Introducing Experimental Tools

Recently I've started working on a new pet project called Experimental Tools (ET). The idea is to build a Visual Studio extension that provides a number of useful refactorings, code analyzers and fixes that make our everyday work more enjoyable by removing common chores when writing code. There are plenty of options already available, some paid ones and some free. The latter started coming after the .NET Compiler Platform (aka Roslyn) had been rolled out with the release of VS 2015. Why bother then?

Well, you know, I have my own vision on productivity tools and what they should bring to the table. First of all, Visual Studio is evolving and we see more features coming. I don't want a tool to replace what already works well out of the box. And if you haven't already I suggest you take some time to read about some Visual Studio hidden gems. I bet you're gonna find at least one you didn't know about. Lots of new and missing functionality is coming with new releases of Visual Studio. For example, in '15' we're going to have a move type to file refactoring. High time!

I'm also not a fan of feature bloat. Yes, different people need different things, that's understood. But over the years I've come up with a list of what I consider essential functionality that I would expect from an IDE. And I've got a list of things that I'm missing from the barebones VS. You can check out the change log and roadmap of ET to get an idea of it. The list is not complete and I certainly don't expect it to be sufficient for everyone but it's a start.

Also, Microsoft has gained pace releasing its products and services frequently. This is a common thing that's happening throughout the industry. You can't afford long release cycles to stay relevant anymore and instead you want to do incremental releases and evolve your product based on the reaction of your target audience. As developers we don't want to find ourselves crippled because our favorite productivity tool does not support .NET Core projects or C# 7 or whatnot coming tomorrow and stands in our way with irrelevant suggestions. You know what I mean?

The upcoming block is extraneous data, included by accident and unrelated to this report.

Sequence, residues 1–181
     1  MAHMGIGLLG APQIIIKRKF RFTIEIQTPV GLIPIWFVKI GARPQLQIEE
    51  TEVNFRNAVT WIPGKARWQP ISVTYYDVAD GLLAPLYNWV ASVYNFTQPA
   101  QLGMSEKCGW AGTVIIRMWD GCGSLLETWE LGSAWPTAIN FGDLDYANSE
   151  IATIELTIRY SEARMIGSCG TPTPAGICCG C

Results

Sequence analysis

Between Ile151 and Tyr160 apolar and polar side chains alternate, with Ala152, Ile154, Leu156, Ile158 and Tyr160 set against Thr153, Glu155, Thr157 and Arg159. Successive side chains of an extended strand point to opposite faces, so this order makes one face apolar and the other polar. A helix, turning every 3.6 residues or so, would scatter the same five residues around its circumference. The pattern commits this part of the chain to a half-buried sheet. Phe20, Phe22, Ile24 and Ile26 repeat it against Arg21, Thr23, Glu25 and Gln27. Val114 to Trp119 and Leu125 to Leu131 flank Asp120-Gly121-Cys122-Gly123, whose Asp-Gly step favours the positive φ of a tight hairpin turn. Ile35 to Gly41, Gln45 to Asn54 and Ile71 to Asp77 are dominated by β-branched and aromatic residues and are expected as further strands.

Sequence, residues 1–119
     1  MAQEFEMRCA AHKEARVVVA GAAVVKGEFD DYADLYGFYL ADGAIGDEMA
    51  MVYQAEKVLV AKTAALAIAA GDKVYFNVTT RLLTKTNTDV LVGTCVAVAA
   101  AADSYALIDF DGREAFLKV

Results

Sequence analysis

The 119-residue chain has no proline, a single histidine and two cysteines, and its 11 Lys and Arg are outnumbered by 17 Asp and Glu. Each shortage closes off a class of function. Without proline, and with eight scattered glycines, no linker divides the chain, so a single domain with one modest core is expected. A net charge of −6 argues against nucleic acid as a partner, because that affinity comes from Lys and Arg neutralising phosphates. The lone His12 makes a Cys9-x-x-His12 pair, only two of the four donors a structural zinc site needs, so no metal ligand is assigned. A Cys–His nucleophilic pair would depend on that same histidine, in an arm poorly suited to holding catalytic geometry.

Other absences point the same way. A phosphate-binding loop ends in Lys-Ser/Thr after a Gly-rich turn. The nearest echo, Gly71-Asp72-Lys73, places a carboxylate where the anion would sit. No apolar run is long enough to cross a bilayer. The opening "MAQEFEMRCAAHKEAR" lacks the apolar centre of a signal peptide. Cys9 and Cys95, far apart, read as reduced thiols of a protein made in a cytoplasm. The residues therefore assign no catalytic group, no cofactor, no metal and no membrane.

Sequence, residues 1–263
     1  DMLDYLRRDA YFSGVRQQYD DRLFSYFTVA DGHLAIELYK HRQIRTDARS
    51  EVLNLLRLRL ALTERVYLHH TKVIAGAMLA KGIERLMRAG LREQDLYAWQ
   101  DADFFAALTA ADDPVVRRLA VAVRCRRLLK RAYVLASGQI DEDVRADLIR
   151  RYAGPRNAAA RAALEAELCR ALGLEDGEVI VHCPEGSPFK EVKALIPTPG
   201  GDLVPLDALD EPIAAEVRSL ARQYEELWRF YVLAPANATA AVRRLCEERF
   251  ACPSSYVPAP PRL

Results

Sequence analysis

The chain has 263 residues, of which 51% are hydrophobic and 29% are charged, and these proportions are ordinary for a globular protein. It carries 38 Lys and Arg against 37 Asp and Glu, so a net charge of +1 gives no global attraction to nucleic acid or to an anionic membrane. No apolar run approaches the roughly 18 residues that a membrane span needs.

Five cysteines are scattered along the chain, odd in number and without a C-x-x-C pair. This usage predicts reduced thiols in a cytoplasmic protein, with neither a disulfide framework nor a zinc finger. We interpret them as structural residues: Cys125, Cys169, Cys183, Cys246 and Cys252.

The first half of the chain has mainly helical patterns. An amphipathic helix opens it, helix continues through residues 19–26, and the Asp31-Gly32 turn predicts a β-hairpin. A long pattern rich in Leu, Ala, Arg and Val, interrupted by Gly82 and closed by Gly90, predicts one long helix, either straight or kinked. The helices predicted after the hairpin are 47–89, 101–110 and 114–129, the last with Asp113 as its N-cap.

And finally, and most importantly, it's just a lot of fun! I'm thrilled about the possibilities that the .NET Compiler Platform opened and the idea that we can add whatever feature we need and it doesn't seem to take tremendous effort.

Experimental Tools

Enough about why. So what do we got?

As of version 0.2 there are 4 refactorings:

  • Initialize field from constructor parameter
  • Add constructor and initialize field
  • Initialize field in existing constructor
  • Change access modifier on type declaration

The first 3 ones are built around the constructor functionality and are there to improve your experience when you do dependency injection. You can declare a field and have it initialized in an existing constructor or you can have a new constructor added for the field. It works the other way around too. When you have a constructor parameter and it hasn't been used to initialize a field yet you can have a new field declared and initialized for you.

Add new constructor and initialize field refactoring

The type access modifier changer may not at the same level of usefulness but it's a very common usage pattern when you add a new type and you have a policy of declaring explicit access modifiers. By default Visual Studio's template creates types with default implicit modifiers. Yes, you can create your own templates but I prefer to just Ctrl.+ on a declaration and select an option I need:

Change type access modifier refactoring

If that sounds interesting you can download the extension from the galley or install it from VS. Don't hesitate to leave a feedback! The extension is going to auto-update itself as I publish new versions. You can also check out the code and of course contributions are welcome!